In addition to Men and Woman machines, the Thai Kamakorn Bank is providing ATMs for the LGBT community. The first of these was opened in Pattaya last weekend.
Public reaction to the new machines has been generally positive. “It is great news” said a Miss Tiffany runner up, “Now I can queue up for cash without having some bot-bellied, stinky Russian pushing up behind me”.
A representative from the Thai Lesbian Alliance was not so keen, “Our members have spent a fortune making themselves look like men, they don’t want to be seen queuing up with ladyboys” we were told.
The spokesperson for the Bearded Bondage Biker Bears was equally indignant. “We will continue to use the men’s machines” they said.
Members of Pattaya’s Stinky, Pot-bellied Russians Association, were very disappointed and said they would be taking their next vacation in Rio.
Private Tye has previously reported on Thai Trannies being Traumatized over Toilets, no doubt for them the new machines come as a relief.
Meanwhile at Seacoastonline.com (8 March):
KENNEBUNK — The gay pride flag raised by the Gay Straight Trans Alliance (GSTA) Club at Kennebunk High School has been taken down less than a week after it was flown at the request of a transgender student who Principal Sue Cressey said was uncomfortable with the media attention.
Cressey said what was intended as a show of unity and support for all students at the school, quickly became "politicized" with media outlets calling district officials and students asking if they were trying to make a political statement. In a statement late Tuesday, Cressey said the flag will be displayed inside the school, and "we will continue to support all students."
A Twitter post by the "Feminist Group," a new grassroots club that operates outside of the school, showing a short video of the flag raising ceremony went viral last Friday. KHS is said to be the first school in the state to fly a gay pride flag.
The GSTA Club has existed at KHS for many years and it supports gay, straight, and transgender students. The club has posters and messages posted inside the school, and they approached Cressey a few weeks ago saying they wanted something that showed their message of acceptance and unity outside as well. Cressey said with club funds they purchased the flag, and a ceremony was held to raise it, alongside flags from the countries of students at the school.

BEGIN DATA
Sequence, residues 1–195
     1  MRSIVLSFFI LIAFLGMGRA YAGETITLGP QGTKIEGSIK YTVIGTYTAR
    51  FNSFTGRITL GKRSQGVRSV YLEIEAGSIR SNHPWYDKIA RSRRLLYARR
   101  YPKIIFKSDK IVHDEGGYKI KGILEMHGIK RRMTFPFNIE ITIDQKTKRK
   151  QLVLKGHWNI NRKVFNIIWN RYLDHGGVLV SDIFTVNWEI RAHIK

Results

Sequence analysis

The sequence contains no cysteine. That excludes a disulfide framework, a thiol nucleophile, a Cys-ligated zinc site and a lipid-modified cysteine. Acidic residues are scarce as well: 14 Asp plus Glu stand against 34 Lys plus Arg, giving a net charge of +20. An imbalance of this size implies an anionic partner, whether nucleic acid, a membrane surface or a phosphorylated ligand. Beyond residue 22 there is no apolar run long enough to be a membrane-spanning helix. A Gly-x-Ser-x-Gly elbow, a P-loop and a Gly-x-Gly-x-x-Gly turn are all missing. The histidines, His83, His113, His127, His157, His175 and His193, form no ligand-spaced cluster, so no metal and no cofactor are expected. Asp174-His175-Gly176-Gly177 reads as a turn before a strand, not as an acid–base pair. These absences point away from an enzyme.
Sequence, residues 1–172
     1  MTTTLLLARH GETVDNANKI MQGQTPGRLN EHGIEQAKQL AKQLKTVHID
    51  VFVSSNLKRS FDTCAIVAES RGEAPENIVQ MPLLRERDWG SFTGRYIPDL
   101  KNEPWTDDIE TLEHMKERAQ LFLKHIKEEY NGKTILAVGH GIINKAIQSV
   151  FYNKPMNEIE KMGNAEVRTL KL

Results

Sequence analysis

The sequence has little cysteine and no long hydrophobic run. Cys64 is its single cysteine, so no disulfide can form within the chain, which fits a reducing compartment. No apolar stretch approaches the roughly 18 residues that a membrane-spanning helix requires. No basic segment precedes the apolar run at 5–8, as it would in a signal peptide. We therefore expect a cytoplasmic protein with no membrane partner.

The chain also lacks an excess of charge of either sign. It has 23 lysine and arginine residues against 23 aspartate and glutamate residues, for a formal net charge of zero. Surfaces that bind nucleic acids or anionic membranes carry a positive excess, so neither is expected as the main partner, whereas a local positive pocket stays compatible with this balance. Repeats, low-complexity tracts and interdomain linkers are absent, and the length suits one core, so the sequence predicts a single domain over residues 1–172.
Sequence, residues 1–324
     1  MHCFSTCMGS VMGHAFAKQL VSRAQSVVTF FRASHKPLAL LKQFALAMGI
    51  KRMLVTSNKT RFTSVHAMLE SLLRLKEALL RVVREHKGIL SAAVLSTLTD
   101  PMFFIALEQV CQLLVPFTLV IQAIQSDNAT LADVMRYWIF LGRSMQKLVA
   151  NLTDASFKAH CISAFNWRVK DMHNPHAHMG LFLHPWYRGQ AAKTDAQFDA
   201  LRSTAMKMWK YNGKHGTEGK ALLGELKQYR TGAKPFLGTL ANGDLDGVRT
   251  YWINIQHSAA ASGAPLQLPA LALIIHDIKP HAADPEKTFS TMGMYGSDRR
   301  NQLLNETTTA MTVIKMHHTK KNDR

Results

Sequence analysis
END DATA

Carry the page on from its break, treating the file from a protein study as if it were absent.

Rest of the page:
Cressey said the flag poles were purchased years ago by an exchange organization that brought students from other countries to the school, with the idea that it would fly flags representing the diversity of the school population.
"That's how it all came about. It's not a political thing. It's a group of nice kids within the school that watch out for each other. It's a group of kids across the culture of the high school, just trying to be nice people, because that's the way our kids are here," Cressey said.
Kayla Fadiman, a sophomore at KHS, said the flag "means that everyone at Kennebunk High School will be treated equally regardless of their sexual orientation or gender identity. It demonstrates that our school is a safe place for LGBTQ youth where they will be protected and supported."
"I want the people who see this flag to know that our school is a place of compassion and tolerance," she said. "The flag is not a political statement, but a physical representation of peace, inclusion, and strength in diversity."
Her father, school board member Matt Fadiman, speaking as a parent, said he was proud of his daughter.
"I am proud to see my daughter and so many KHS students set a visible example of inclusion and acceptance. And I am proud of the school for supporting those efforts. While my daughter is straight, labels matter little to her. She and all the kids care only that their friends and peers feel happy and supported. It's really as simple as that. We often hear so much about bullying, intolerance, fear and suspicion. Isn't it terrific to know that the kids at KHS want to set the opposite example?" Matt Fadiman said.
Cressey said that RSU 21 Superintendent Katie Hawes and the school board were supportive of the students' efforts and appreciated the fact that the flag was raised by students who were showing care and support for other students.
Her decision to take down the flag came after a flurry of attention that interfered with the school day at KHS.
"After an afternoon of calls from various news organizations, it became clear to me that the First Amendment right to fly the flag was interfering with the educational process at KHS and making some students very uncomfortable," Cressey said. "So I made the decision to take the flag down."